The project involves building eight ring accelerators with a circumference of approximately 1,100 m, two linear accelerators and 3.5 km of beam tubes at depths down to 17 m, all covering an area of around 20 hectares, with an embankment of up to 15 m height acting as a radiation shield to cover the equipment.
We have been commissioned with all of the geotechnical consulting and planning services as well as on-site construction supervision for the project. Combined pile-raft foundations have been planned for all of the buildings except the accelerator ring. We used 3D finite-element calculations to investigate the load-bearing and deformation properties of the subsoil under future load conditions, with a load test on a bored pile at 60 m depth and test filling to improve planning and costs. This resulted in 1,350 piles at a depth of up to 62 m and 60,000 m in length completed within just 14 months – exceptional performance given the location of the construction site in a water reserve and the various requirements applicable to the site.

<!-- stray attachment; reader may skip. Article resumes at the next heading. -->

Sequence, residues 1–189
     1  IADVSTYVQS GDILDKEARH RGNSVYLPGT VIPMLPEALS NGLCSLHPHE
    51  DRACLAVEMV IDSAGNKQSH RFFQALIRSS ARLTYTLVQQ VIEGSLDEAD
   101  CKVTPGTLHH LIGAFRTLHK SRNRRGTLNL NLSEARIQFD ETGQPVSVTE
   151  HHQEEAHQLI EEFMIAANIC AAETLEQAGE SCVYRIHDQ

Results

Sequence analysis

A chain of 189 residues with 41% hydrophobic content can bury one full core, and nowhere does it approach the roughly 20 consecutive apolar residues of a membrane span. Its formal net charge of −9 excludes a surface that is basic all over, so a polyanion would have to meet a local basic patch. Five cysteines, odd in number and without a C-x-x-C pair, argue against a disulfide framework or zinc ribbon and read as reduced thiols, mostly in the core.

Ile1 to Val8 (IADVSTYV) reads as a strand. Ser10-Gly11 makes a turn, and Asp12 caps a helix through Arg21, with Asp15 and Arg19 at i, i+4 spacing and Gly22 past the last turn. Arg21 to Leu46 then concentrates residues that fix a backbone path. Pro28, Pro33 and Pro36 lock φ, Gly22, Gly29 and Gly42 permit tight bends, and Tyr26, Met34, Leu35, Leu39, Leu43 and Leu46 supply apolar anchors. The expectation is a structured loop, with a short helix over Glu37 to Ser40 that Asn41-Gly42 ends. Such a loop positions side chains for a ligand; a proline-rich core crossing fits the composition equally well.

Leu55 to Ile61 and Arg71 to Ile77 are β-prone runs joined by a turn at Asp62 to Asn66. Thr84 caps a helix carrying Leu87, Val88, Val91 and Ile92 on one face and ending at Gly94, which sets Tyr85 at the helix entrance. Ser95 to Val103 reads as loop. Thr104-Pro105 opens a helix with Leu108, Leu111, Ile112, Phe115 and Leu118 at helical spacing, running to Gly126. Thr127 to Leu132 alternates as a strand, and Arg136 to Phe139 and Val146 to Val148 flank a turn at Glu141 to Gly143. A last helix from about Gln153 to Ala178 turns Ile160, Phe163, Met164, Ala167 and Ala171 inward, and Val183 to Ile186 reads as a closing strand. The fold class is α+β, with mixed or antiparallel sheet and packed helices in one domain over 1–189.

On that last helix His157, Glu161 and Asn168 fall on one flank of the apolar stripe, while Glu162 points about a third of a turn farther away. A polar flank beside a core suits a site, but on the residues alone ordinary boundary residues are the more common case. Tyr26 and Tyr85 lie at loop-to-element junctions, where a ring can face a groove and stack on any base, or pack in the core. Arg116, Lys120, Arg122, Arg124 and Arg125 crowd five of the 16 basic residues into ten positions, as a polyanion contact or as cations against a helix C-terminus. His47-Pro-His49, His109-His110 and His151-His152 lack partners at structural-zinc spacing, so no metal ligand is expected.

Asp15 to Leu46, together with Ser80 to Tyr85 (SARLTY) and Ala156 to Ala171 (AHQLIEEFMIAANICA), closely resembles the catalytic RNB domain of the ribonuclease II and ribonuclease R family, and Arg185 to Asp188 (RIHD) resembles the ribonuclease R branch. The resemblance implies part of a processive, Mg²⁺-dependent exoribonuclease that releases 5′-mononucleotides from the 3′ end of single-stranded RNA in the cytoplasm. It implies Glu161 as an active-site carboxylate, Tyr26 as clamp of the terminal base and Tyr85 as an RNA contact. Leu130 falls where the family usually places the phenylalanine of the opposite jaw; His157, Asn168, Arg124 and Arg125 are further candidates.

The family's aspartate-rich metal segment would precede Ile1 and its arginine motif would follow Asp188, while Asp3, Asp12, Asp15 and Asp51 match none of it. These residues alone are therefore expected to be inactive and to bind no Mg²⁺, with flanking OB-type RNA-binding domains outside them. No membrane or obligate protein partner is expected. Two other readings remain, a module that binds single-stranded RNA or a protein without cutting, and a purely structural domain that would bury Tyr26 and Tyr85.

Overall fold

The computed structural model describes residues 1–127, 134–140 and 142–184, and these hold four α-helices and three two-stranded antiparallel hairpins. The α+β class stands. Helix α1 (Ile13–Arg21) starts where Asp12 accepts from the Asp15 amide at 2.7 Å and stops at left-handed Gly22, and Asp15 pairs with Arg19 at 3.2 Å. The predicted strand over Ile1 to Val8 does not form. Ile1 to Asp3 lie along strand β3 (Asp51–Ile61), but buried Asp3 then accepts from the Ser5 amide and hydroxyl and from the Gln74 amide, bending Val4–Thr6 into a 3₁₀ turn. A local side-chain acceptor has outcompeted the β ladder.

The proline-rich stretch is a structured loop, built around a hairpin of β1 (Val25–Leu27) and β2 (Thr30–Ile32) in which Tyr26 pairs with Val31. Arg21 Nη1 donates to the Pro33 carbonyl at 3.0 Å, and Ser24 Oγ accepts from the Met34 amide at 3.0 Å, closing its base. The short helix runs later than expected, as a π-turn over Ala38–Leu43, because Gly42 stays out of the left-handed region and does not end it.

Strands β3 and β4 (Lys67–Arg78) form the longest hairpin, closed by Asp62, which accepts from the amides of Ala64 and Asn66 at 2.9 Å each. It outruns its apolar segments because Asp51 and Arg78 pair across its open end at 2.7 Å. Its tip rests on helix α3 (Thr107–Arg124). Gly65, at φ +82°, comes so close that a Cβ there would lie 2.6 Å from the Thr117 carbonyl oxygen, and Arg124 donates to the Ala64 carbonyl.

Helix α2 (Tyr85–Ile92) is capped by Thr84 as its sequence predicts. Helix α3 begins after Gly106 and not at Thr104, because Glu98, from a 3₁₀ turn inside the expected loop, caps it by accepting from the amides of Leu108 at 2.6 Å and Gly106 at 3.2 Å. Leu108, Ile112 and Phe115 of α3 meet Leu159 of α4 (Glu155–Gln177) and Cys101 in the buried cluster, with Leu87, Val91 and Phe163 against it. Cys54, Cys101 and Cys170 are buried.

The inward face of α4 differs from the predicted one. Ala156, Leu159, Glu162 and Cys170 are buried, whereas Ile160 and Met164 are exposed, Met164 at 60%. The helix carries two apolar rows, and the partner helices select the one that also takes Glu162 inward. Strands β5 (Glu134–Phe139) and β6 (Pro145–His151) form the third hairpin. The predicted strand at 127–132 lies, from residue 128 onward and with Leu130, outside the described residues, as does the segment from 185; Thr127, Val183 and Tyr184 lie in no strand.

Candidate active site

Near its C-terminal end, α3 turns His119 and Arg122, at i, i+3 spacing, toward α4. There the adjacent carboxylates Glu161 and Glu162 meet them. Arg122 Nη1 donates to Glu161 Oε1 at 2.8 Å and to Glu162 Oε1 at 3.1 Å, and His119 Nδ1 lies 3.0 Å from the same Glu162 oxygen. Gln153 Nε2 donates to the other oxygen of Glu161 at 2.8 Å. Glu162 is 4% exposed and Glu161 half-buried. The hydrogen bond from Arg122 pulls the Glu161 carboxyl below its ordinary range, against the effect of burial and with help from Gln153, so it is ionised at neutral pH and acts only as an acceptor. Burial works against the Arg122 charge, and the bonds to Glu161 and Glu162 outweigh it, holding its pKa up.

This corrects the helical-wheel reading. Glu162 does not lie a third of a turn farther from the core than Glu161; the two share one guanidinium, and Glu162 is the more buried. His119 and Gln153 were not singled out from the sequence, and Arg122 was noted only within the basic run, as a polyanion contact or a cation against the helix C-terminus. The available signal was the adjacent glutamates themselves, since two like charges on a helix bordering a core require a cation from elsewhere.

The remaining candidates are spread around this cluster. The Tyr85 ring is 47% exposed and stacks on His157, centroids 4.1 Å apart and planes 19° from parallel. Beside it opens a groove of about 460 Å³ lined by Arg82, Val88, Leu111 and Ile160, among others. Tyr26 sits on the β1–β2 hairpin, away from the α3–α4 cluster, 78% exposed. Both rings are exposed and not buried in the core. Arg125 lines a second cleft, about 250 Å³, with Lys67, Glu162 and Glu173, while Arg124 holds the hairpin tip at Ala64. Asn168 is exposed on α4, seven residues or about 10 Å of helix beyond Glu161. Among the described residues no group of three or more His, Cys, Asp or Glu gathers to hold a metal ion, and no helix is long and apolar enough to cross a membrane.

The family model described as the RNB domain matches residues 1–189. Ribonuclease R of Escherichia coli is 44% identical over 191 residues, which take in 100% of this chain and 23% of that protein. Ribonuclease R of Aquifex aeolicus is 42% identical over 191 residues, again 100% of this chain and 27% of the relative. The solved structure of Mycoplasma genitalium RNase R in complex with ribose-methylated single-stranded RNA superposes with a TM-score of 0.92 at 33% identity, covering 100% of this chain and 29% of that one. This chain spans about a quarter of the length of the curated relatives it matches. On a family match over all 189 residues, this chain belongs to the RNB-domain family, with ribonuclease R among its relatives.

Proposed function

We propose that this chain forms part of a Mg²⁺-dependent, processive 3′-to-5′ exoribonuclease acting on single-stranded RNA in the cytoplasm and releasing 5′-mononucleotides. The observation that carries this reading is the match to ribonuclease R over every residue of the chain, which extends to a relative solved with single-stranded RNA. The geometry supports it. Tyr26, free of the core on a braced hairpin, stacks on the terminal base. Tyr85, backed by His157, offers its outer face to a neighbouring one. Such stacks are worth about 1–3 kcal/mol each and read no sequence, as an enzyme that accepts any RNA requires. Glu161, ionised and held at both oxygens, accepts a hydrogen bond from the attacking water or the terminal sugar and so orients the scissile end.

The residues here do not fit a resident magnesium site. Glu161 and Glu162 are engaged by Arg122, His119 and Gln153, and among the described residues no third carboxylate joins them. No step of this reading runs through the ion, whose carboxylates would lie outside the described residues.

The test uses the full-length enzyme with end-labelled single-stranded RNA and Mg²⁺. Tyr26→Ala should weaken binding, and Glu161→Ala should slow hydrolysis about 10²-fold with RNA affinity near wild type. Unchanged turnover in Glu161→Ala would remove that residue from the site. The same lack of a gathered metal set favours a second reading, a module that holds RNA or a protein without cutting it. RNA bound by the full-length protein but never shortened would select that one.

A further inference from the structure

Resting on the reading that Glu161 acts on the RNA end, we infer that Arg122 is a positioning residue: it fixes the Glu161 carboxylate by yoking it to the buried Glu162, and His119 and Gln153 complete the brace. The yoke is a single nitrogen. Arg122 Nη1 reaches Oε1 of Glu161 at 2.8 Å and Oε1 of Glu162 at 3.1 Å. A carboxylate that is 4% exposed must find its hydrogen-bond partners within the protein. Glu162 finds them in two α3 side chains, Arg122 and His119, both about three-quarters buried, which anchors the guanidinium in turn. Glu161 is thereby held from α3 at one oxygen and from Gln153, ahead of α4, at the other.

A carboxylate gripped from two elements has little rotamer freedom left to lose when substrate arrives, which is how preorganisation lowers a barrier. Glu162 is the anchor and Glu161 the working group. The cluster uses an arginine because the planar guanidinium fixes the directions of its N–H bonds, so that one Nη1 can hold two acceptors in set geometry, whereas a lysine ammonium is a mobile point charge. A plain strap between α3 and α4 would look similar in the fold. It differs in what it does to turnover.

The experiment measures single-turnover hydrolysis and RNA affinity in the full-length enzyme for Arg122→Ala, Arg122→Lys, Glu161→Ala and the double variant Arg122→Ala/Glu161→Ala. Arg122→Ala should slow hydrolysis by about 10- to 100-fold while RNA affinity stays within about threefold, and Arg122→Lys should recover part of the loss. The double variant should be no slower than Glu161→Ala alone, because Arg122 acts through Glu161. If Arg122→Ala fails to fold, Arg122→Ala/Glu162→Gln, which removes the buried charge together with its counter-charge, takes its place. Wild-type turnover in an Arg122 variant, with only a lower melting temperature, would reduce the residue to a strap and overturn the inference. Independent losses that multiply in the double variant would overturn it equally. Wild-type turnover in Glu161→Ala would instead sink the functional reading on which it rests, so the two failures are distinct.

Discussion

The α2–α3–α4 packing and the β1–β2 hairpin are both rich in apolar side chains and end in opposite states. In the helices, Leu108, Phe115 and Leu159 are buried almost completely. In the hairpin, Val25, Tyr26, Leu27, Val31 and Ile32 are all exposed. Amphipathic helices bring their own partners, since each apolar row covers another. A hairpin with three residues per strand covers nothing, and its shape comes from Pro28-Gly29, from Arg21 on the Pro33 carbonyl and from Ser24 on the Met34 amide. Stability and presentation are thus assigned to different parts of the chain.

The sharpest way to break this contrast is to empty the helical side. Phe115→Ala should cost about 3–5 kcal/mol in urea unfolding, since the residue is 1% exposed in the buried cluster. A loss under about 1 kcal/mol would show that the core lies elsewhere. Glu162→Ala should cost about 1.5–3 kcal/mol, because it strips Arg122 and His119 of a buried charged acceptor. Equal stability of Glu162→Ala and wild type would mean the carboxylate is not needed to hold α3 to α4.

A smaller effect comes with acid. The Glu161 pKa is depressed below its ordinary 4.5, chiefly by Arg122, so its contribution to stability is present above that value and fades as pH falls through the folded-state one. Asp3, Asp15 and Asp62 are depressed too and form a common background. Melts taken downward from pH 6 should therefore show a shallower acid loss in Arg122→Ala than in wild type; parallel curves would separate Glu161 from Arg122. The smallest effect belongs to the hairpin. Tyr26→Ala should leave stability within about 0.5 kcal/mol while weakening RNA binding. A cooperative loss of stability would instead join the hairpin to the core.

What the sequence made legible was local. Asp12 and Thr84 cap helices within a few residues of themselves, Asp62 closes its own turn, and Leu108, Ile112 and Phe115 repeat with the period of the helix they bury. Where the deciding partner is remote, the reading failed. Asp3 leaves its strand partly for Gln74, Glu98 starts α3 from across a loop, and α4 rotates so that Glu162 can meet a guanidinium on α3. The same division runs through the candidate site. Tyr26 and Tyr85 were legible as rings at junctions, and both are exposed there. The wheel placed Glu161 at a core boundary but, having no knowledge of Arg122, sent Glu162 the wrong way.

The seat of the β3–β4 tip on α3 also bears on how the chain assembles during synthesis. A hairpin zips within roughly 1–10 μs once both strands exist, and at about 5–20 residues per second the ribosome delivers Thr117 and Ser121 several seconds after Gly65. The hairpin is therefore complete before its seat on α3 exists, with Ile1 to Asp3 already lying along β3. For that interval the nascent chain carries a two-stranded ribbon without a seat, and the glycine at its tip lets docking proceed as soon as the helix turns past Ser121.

The sensitive state-of-the-art technology at FAIR places heavy demands on foundation design and subsidence analysis.
The next construction stage will see early preparation of deep excavation at down to around 19 m below ground, which will involve partly lowering the groundwater for protection. Secant pile walling with beam supports are planned to shore up the excavation area. The excavation pit will take around 57,000 m² of construction area in this section; around 880,000 m³ of soil will be excavated for intermediate storage in separate storage areas before being used for backfilling after shell construction.